Manuscript with arrow icon Book and magnifying glass icon Cross-check icon Process checklist icon Reputation ribbon icon Graduation cap icon Question speech bubble icon Headset call icon Mobile phone call icon Login arrow icon B+ Paper Icon Feedback Speech Bubble Icon Similarity Check Icon Professional Development Icon Admin Training Icon Instructor Training Icon Student Training Icon Integrations Icon System Status Icon System Requirements Icon Menu Icon Checkmark Icon Download Icon Rubric Icon Prompt Icon QuickMark Set Icon Lesson Plan Icon Success Story Icon Infographic Icon White Paper Icon White Paper Icon Press Release Icon News Story Icon Event Icon Webcast Icon Video Icon Envelope Icon Plaque Icon Lightbulb Icon Training Icon Search Icon Turnitin Logo (Text and Icon) Icon Facebook Icon Twitter Icon LinkedIn Icon Google Plus Icon Lightbulb Icon Binoculars Icon Drama Masks Icon Magnifying Glass Icon Signal Check Indicator Bars Red Flag Icon Analysis and Organization Icon
Contact Sales

Designing a new course can be an exciting proposition for a teacher. Perhaps you’ve been tasked with developing a curriculum for an area that you’ve long had a passion to explore. Or you may be developing materials for a core subject that needs a fresh approach. Either way, you know that your job is to help students recognize the importance and relevance of the topic at hand.

There are so many technological tools and pedagogical approaches that can be used in the classroom that you may have a hard time choosing which ones to use. There may be no right or wrong answer, but it is important to think about the students who will be taking your class as you make your choices. Here are five learning characteristics teachers need to know about their students as they prepare to teach them.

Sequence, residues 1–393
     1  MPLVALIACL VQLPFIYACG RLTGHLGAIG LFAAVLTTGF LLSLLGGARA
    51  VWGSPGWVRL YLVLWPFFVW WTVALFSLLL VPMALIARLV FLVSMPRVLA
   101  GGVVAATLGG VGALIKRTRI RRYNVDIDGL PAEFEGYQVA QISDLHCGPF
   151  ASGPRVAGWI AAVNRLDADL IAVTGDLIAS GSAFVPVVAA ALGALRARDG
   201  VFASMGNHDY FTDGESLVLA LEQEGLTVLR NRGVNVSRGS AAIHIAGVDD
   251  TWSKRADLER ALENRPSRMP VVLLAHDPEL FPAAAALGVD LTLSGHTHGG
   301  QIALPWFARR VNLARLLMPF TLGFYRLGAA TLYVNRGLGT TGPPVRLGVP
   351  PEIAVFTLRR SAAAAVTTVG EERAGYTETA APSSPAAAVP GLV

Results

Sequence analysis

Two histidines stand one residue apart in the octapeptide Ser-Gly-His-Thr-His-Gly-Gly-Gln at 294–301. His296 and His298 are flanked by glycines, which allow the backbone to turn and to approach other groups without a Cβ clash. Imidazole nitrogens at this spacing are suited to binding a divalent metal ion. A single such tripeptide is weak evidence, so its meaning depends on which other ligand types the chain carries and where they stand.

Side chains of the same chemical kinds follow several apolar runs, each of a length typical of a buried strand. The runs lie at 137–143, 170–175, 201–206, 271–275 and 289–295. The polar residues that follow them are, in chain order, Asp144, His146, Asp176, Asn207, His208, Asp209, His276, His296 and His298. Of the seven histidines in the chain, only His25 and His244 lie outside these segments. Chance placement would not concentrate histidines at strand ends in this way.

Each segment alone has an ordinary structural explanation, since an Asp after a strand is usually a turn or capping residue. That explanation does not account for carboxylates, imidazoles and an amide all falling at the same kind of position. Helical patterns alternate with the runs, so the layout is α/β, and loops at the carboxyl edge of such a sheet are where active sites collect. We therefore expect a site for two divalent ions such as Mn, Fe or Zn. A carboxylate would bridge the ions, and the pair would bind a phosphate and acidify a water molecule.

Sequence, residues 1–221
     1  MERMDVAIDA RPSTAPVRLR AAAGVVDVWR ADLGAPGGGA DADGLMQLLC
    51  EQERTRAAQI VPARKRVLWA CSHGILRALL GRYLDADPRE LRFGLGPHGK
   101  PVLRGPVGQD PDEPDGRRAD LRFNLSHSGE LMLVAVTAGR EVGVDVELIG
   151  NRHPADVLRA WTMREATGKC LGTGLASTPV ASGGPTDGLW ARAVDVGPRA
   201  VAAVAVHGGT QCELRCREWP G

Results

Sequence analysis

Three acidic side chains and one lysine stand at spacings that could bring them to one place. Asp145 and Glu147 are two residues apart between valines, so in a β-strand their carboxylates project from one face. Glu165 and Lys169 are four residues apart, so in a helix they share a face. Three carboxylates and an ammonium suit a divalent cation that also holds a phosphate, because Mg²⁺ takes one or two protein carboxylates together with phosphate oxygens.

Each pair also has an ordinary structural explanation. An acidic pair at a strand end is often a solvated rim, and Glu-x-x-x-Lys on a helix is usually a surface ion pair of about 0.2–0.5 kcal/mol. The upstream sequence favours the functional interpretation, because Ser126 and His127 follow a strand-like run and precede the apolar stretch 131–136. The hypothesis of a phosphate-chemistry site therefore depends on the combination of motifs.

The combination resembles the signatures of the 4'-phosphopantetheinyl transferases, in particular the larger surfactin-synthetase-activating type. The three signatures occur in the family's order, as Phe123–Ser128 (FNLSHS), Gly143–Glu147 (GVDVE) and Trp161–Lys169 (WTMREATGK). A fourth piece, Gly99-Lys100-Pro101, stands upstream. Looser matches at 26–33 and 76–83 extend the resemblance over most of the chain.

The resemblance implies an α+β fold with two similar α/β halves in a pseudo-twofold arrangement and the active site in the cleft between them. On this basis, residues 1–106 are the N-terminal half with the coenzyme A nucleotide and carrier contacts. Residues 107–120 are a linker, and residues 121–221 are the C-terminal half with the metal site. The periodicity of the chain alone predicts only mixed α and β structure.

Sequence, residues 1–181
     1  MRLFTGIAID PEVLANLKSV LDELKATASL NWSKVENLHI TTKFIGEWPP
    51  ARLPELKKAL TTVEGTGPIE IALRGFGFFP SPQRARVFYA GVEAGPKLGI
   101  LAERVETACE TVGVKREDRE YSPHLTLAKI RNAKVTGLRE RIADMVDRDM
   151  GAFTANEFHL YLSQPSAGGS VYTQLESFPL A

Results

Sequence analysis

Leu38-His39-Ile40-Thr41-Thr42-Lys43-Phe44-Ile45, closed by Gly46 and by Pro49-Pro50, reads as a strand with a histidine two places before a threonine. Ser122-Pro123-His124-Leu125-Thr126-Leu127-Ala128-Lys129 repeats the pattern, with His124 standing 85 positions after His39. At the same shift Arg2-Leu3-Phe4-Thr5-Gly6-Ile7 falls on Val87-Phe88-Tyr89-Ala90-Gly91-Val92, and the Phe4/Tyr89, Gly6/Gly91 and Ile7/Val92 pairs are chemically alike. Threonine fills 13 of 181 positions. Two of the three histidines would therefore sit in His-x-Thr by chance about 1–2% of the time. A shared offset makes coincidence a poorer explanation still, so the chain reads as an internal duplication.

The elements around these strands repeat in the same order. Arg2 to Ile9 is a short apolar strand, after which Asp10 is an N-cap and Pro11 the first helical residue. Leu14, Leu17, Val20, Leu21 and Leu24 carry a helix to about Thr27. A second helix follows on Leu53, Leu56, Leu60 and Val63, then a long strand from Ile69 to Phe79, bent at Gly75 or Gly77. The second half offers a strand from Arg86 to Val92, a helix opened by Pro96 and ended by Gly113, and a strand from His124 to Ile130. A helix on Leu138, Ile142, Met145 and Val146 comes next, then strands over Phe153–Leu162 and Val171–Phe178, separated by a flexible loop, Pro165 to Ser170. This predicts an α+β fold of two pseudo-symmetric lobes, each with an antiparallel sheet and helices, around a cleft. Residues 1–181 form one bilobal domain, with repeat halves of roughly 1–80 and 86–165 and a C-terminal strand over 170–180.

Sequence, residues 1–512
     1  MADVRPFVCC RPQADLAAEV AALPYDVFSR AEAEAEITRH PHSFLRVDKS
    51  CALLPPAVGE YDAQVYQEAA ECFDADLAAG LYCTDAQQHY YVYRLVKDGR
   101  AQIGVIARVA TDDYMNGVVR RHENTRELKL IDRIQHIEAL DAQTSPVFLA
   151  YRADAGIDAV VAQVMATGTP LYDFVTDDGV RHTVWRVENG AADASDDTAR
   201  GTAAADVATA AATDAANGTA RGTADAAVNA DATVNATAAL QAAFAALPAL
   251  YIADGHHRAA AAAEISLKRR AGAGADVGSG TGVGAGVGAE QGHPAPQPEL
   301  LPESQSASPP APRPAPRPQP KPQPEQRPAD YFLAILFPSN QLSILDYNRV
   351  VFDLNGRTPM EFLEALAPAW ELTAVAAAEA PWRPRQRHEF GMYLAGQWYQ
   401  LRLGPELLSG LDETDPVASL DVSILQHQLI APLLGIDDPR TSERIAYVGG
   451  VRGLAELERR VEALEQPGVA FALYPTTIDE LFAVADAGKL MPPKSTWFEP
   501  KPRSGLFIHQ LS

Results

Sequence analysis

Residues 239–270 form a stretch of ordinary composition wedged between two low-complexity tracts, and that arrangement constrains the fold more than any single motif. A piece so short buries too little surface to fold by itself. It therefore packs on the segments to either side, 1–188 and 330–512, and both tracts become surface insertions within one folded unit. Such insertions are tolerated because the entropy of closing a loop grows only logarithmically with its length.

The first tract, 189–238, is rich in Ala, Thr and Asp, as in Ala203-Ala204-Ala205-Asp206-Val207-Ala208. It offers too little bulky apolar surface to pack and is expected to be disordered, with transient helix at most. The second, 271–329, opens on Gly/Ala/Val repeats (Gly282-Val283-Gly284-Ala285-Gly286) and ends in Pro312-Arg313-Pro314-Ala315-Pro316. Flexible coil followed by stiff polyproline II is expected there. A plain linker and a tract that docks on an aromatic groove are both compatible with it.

Students have their own motivations

While you may (or may not) find the topic of your course to be a fascinating subject, students will always have their own motivations for being there. Are they taking your course as a core requirement of their curriculum or as a general education requirement? Does your course have a reputation for being hard or easy, important or fluff, a weed-out or a blow-off class? These factors will most likely be outside of your control.

What is in your control, however, is the way you set the tone when your students arrive. From the first moment in the classroom or the first login to your online portal, you need to help them understand why they should make an effort to engage with the class. Some student groups may need more emphasis placed on why the topic is relevant, while others may be looking for more collaboration with their peers. 

James Middleton and his colleagues have proposed a model of intrinsic academic motivation to help instructors understand their students. They believe that in order to be motivated, students need to understand why a learning activity is interesting, stimulating, and affording personal control. Understanding your students’ motivations for enrolling in your course is the first step towards extending that motivation towards engaging in the learning activities.

Students come in with expectations

Alongside motivations are the expectations that students will have when they come into your class. Some of the standard expectations will be that you are communicating with them, providing them with ready access to course materials, and giving them feedback on their work. You’ve likely developed strategies for how you handle this from your previous teaching experience.

What you should also consider are the environmental expectations that your students have developed. Are you starting to teach in a new program where the LMS structures courses in a way that’s different from your normal format? Are your students coming to you from a prerequisite course with an instructor who has a completely different pedagogy?